Low Resolution Image: Become a member to access this full resolution image at 375% higher quality.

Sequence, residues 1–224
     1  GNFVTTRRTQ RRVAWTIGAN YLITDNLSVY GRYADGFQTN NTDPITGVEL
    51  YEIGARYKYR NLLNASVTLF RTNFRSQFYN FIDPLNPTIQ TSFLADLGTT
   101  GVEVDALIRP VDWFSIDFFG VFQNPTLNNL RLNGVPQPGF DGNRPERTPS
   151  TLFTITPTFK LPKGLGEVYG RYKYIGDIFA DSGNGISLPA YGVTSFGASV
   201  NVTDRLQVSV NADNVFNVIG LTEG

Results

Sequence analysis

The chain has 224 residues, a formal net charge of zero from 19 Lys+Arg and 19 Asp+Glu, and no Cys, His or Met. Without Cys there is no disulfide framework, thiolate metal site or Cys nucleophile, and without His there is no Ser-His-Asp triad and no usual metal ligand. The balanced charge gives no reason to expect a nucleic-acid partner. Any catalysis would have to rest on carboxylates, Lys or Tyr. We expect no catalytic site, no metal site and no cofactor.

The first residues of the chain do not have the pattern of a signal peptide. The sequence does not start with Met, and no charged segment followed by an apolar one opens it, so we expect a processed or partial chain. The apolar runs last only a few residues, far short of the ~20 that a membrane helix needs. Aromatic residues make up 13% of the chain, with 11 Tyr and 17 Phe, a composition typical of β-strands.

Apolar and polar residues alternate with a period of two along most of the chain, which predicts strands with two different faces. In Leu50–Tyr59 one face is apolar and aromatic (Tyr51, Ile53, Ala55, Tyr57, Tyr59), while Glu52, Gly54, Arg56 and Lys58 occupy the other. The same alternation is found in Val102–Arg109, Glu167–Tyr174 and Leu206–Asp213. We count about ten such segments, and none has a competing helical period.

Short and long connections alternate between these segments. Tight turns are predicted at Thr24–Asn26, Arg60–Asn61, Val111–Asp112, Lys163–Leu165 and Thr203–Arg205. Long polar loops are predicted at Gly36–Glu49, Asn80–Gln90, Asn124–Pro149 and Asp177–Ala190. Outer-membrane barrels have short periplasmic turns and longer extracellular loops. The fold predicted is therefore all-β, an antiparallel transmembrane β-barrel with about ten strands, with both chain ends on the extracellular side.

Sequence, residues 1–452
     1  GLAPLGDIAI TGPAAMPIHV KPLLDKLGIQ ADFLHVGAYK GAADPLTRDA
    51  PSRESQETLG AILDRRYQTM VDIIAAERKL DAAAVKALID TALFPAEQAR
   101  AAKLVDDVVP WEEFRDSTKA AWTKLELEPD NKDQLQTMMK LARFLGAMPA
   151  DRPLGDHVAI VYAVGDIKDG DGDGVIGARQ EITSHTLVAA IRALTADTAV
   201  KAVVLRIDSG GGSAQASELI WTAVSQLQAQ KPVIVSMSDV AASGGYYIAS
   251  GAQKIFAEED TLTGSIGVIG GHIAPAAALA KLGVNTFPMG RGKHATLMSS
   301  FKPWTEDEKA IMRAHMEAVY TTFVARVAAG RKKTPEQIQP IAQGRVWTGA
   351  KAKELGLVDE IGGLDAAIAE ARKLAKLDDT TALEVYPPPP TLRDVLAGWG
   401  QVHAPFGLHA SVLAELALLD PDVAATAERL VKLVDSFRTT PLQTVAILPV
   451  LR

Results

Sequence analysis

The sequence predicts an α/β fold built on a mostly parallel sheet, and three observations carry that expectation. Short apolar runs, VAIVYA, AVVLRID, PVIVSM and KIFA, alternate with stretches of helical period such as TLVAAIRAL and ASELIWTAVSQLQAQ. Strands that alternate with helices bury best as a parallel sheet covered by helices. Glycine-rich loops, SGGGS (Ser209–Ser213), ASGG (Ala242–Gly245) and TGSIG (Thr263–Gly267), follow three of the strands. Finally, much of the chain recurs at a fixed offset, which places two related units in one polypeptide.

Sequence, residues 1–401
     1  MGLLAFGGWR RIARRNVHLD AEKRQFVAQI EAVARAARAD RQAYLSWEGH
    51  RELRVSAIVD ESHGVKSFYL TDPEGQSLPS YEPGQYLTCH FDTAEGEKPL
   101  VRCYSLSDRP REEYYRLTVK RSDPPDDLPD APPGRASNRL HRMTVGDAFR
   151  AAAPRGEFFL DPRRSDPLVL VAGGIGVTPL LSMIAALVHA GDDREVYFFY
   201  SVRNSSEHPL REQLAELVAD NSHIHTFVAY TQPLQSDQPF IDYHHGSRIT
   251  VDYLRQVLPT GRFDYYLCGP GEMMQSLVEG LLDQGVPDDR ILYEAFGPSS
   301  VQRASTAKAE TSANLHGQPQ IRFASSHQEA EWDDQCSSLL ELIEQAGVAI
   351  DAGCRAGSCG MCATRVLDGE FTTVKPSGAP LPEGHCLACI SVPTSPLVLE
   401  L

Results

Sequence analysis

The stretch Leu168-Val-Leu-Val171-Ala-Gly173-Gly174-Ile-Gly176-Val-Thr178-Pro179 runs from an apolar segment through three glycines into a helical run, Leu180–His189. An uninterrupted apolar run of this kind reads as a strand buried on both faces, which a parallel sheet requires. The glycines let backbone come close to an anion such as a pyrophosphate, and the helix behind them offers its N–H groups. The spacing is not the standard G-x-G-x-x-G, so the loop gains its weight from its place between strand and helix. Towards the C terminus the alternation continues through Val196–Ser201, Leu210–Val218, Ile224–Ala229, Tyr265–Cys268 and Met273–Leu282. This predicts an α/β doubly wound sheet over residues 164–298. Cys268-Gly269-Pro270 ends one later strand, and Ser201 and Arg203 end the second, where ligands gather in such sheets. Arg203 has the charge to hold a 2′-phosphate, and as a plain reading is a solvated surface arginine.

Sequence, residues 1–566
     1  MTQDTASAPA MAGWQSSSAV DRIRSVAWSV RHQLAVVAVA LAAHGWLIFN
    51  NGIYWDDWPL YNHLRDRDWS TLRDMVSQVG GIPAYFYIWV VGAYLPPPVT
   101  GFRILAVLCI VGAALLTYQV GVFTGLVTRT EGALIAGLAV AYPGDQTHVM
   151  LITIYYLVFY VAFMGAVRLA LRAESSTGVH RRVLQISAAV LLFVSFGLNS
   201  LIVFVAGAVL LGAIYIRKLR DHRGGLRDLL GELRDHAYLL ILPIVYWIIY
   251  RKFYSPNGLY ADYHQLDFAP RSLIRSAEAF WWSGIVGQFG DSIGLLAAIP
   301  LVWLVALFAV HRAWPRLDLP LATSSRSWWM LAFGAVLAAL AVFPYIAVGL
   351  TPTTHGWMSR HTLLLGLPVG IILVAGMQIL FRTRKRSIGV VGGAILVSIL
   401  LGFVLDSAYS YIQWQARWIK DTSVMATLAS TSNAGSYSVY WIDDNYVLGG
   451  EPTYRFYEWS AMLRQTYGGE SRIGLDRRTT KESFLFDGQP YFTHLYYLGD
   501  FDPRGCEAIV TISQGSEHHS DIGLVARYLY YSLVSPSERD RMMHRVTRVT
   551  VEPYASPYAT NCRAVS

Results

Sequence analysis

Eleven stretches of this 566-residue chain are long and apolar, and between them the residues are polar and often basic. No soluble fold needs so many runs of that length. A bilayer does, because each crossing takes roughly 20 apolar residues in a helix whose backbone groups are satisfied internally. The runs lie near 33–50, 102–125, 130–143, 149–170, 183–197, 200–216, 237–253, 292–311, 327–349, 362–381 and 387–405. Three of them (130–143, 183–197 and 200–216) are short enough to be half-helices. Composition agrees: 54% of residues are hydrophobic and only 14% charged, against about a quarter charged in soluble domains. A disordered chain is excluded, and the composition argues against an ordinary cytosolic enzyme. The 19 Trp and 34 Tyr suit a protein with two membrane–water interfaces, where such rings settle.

OCR Text